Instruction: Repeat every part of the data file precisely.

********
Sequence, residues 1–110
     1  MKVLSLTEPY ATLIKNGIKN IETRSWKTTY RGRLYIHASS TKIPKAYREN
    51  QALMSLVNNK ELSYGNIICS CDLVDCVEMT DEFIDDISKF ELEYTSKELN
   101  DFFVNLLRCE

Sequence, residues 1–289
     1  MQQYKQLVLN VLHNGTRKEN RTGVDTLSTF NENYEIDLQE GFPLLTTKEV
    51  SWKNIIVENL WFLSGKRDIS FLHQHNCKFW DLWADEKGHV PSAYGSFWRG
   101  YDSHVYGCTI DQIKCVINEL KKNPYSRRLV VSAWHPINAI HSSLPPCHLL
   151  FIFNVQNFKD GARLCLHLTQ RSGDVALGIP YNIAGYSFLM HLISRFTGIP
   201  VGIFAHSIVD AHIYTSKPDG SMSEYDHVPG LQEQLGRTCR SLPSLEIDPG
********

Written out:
Sequence, residues 1–110
     1  MKVLSLTEPY ATLIKNGIKN IETRSWKTTY RGRLYIHASS TKIPKAYREN
    51  QALMSLVNNK ELSYGNIICS CDLVDCVEMT DEFIDDISKF ELEYTSKELN
   101  DFFVNLLRCE

Sequence, residues 1–289
     1  MQQYKQLVLN VLHNGTRKEN RTGVDTLSTF NENYEIDLQE GFPLLTTKEV
    51  SWKNIIVENL WFLSGKRDIS FLHQHNCKFW DLWADEKGHV PSAYGSFWRG
   101  YDSHVYGCTI DQIKCVINEL KKNPYSRRLV VSAWHPINAI HSSLPPCHLL
   151  FIFNVQNFKD GARLCLHLTQ RSGDVALGIP YNIAGYSFLM HLISRFTGIP
   201  VGIFAHSIVD AHIYTSKPDG SMSEYDHVPG LQEQLGRTCR SLPSLEIDPG